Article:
In the past regulatory authorities for food products had a duty to ensure that foods offered tothe consumer are at least safe to eat. The authorities required a positive approach of using Good Manufacturing Practices (GMP), producing food in a hygienic manner, and by inspection of finished product. It is now realised that inspection of finished product gives a poor control over the safety of foods. Therefore, since 1 January 1993, regulatory authorities in Europe required that companies take a preventative approach to safety based on the principles of Hazard Analysis and Critical Control Points (HACCP). Anyone exporting fish products to Europe or North America will have to implement a programme based on HACCP. If a company cannot demonstrate to the satisfaction of regulating agencies in importing countries that it has an effective programme operating in their processing plant, importers will not be permitted to accept the products. The United Nations food standard group Codex Alimentarius Commission has recommended HACCP's adoption as a system for ensuring the safety of foods (including finfish and shellfish) and the prevention of foodborne diseases.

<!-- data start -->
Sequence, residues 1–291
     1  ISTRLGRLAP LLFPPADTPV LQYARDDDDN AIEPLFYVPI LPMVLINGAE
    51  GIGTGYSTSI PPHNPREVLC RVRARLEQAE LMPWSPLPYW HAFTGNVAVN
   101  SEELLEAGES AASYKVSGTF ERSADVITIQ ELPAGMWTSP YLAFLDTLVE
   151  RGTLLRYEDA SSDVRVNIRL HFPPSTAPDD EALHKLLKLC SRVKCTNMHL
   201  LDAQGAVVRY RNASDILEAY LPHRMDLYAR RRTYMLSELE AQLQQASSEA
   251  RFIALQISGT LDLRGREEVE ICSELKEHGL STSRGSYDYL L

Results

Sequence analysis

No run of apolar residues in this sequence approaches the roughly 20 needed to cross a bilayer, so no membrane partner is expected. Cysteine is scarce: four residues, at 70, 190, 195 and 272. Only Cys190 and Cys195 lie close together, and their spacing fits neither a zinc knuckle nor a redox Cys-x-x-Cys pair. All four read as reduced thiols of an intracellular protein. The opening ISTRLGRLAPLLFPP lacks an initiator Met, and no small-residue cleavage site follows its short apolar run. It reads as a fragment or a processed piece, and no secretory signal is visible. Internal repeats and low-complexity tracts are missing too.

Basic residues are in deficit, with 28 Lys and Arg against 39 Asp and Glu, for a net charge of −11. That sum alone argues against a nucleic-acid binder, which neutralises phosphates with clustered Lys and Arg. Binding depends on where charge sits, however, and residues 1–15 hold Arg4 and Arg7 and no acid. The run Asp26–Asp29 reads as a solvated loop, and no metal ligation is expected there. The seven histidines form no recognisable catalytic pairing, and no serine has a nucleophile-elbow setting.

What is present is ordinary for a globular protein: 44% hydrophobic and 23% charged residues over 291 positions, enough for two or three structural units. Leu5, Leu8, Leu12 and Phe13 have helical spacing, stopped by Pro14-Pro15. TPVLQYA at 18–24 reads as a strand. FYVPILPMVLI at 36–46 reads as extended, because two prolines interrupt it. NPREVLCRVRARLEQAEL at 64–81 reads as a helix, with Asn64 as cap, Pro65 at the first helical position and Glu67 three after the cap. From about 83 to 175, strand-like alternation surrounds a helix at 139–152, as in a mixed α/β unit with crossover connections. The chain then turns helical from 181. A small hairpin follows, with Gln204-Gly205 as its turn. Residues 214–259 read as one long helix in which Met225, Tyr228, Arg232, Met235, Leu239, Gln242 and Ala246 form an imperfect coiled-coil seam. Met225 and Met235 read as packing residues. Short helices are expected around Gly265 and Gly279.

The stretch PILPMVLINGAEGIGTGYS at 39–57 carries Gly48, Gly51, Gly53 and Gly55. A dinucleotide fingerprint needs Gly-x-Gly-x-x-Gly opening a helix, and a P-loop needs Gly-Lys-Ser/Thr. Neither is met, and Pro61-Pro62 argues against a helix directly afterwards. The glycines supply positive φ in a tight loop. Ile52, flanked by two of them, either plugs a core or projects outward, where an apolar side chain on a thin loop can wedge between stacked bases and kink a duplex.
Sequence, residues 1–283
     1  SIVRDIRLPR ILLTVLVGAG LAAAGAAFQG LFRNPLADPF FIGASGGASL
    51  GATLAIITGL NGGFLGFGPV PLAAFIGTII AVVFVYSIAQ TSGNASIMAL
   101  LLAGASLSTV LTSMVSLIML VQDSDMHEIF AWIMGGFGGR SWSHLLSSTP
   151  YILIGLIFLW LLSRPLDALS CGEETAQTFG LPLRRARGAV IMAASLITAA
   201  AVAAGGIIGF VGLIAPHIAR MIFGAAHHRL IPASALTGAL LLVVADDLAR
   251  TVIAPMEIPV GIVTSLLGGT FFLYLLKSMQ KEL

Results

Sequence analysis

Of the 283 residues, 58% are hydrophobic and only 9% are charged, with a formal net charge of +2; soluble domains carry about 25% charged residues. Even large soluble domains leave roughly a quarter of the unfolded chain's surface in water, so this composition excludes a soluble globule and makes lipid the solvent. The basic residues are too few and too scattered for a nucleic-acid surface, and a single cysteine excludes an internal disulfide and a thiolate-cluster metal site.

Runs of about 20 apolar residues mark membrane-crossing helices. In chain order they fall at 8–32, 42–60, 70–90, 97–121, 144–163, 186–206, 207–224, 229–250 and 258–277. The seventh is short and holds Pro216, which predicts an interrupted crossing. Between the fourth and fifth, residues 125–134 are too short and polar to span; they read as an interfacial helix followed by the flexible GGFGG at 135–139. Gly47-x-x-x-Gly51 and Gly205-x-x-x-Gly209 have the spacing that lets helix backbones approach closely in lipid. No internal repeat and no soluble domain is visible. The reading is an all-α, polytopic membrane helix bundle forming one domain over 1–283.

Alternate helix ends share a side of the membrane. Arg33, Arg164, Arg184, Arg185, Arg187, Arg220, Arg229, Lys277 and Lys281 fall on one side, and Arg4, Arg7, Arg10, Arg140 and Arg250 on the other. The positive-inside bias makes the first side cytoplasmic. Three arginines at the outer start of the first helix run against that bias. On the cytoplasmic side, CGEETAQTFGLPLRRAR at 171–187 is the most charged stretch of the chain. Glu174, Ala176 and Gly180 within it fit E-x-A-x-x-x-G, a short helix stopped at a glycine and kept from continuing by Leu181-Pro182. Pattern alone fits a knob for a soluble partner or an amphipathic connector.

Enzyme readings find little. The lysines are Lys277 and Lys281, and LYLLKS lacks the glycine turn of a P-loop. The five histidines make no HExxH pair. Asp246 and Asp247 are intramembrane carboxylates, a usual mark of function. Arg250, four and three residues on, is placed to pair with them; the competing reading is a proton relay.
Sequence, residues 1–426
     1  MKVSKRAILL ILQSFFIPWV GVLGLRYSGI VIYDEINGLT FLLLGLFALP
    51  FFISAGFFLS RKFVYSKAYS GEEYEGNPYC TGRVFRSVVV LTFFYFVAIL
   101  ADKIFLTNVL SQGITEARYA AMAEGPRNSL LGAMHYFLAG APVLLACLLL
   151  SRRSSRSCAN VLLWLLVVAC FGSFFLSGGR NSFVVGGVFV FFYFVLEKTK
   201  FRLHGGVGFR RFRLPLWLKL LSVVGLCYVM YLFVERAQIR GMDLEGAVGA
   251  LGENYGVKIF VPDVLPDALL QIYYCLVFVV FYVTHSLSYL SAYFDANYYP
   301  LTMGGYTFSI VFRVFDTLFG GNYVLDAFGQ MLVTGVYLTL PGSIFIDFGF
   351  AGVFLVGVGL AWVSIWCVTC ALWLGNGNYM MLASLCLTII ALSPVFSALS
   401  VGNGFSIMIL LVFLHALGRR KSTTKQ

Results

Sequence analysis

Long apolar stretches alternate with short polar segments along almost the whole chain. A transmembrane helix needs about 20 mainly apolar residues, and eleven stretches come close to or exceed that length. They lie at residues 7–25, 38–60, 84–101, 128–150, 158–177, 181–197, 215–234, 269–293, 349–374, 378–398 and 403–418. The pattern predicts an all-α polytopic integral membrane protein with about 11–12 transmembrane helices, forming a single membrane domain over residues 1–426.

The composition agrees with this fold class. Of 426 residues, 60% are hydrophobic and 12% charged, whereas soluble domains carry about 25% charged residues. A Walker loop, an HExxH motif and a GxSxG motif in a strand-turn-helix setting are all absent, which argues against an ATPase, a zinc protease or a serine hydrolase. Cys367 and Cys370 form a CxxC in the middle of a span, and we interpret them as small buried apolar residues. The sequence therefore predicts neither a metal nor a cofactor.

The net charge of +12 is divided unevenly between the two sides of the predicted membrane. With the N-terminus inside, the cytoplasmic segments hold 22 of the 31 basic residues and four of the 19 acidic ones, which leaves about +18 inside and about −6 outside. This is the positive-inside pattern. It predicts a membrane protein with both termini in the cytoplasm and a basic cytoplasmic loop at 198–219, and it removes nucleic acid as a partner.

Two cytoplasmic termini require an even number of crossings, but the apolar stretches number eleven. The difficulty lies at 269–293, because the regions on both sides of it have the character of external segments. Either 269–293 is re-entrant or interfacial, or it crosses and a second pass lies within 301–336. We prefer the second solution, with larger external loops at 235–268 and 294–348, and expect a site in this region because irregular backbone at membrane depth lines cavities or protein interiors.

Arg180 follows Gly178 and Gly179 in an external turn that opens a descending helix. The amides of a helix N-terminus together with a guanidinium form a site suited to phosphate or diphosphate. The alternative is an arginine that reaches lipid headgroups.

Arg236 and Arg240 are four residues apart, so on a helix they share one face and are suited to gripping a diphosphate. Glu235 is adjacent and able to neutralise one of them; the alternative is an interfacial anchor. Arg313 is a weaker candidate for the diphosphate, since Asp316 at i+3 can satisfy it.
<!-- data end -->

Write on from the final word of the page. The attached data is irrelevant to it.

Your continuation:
There are no comments yet. You can post the first one!
Post a comment
Please log in to use this service. Login as Wageningen University & Research user or guest user in upper right hand corner of this page.